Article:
The history of Whitchurch Hospital in Cardiff
Most people in Cardiff know of Whitchurch Hospital. The huge and elegant buildings lie alongside one of the main roads into the city and, while many of those who come to Cardiff to work or shop may never have entered the place, they will certainly have seen the buildings from the upper deck of their bus or from their cars.
Copyright: Literature Wales / John Briggs
The idea for Whitchurch Hospital, formerly the Cardiff City Mental Hospital - or Cardiff City Asylum as it was sometimes known - was first mooted at the end of the 19th century.
Even though it did not formally open until 1908, Whitchurch was undoubtedly a product of Victorian Age thinking and medical practice. Arguably this is something from which it has suffered ever since.
There was very little provision for people who were mentally ill during the early part of the 19th century, mental illness being closely associated - in the minds of the general public - with poverty and crime. The wealthy could afford to hire doctors or nurses for members of their family who had mental health problems, could even place them, if necessary, in private hospitals or asylums.
For the poor, however, there was little provision - just a small scattering of public hospitals or, inevitably, the workhouse. As the Industrial Revolution changed the make up of society the problem of vagrancy and of paupers with significant mental health problems became significant. As a result county asylums were created, places where "pauper lunatics," as they were known, could be conveniently herded - and forgotten.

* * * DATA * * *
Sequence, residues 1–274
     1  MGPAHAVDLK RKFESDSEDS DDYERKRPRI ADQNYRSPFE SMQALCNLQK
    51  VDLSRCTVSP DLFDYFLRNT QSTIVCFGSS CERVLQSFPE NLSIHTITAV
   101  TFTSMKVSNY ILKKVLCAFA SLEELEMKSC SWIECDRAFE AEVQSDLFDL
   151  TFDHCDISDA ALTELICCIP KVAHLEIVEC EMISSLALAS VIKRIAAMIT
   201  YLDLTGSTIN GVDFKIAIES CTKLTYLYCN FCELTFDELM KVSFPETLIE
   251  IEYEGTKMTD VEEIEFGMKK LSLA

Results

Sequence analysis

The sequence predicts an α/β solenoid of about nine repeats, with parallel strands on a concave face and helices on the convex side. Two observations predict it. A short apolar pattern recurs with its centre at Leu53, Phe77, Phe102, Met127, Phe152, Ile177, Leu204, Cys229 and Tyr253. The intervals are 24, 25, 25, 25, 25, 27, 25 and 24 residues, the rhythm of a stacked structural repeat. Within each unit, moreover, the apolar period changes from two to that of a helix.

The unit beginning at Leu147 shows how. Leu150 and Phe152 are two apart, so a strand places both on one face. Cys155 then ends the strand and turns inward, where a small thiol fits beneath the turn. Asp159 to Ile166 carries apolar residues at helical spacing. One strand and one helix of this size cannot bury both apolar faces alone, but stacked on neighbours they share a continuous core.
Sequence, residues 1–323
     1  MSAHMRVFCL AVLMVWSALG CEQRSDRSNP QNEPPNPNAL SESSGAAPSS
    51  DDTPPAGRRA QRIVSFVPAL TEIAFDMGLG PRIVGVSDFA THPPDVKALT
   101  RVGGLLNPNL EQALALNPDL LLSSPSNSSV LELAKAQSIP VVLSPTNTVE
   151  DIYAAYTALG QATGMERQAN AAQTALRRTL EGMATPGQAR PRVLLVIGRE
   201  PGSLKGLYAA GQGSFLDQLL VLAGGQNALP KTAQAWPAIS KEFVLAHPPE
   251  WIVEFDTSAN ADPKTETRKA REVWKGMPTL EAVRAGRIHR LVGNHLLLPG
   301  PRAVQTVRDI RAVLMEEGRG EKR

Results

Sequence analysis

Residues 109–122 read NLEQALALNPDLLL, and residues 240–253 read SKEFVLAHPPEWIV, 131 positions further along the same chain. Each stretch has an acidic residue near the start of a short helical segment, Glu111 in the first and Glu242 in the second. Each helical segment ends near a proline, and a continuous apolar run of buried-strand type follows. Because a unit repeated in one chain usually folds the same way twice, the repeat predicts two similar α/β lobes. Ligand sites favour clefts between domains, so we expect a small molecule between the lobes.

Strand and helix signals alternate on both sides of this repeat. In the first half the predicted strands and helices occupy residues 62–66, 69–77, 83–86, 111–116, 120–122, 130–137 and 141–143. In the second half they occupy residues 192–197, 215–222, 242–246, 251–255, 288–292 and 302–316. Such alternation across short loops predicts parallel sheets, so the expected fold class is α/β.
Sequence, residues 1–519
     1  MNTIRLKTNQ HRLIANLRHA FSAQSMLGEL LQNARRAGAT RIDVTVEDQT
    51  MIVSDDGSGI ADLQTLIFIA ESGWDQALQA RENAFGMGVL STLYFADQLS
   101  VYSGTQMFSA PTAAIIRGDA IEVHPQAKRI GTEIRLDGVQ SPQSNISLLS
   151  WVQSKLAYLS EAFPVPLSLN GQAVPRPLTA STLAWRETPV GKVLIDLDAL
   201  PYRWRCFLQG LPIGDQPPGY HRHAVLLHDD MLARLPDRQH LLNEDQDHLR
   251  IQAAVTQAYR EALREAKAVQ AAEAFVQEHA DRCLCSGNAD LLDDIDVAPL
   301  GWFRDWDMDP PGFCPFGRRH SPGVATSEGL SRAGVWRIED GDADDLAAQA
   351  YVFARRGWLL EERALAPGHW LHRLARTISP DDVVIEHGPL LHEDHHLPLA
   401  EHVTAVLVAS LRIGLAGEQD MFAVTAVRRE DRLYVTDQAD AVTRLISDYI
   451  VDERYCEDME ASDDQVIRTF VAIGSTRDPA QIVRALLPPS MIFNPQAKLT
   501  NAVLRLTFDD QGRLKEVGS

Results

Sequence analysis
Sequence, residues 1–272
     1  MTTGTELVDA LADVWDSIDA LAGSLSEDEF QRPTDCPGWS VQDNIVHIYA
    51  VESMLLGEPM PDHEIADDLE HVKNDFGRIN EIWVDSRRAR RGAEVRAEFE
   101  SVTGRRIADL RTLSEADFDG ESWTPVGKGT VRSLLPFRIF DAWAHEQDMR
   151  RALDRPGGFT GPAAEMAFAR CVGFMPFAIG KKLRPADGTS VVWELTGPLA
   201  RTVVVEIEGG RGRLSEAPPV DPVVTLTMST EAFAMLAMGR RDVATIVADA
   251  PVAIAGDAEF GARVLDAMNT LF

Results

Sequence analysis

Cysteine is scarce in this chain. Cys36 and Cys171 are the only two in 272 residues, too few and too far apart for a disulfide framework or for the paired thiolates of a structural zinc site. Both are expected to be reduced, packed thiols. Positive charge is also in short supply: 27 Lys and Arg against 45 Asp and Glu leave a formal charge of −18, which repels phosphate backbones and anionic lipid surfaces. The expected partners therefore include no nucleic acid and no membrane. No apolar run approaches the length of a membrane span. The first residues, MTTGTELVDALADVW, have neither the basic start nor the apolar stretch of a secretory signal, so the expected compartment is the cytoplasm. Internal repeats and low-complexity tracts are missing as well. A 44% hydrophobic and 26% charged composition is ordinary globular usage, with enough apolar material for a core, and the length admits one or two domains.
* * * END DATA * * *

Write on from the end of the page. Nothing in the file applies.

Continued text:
Cardiff saw an enormous rise in its population as the 19th century unfolded. In 1851 it was 18,351 - 20 years later that figure had risen to nearly 40,000. Inevitably there was a growing need for mental health provision.
By the closing years of the century there were 476 Cardiff residents "boarded out" in the Glamorgan Asylum, and a further 500 to 600 being held in hospitals in places as far away as Chester and Carmarthen. The need for a specific provision, for the town of Cardiff alone, was clearly apparent.
Whitchurch Hospital took 10 years to build and cost nearly £350,000, an amazing sum of money for those days. The main hospital building covered nearly five acres and was designed to accommodate 750 patients.
Banded brickwork and the 150 foot water tower dominated the site which consisted of 10 hospital blocks, five for men and five for women. A self contained farm was to be an important feature of the hospital, providing food and therapeutic work for patients.
There was much controversy over this farm, which was originally intended to cost some £4,000. The plan was castigated in the Welsh press, with cartoonists in particular having a field day. The proposed plans were soon altered and the cost reduced to £2,000.
The first medical superintendent was Dr Edwin Goodhall and the first patients arrived at the hospital on 1 May 1908. By the end of June more than 600 patients, mostly male but a large contingent of women as well, had been admitted.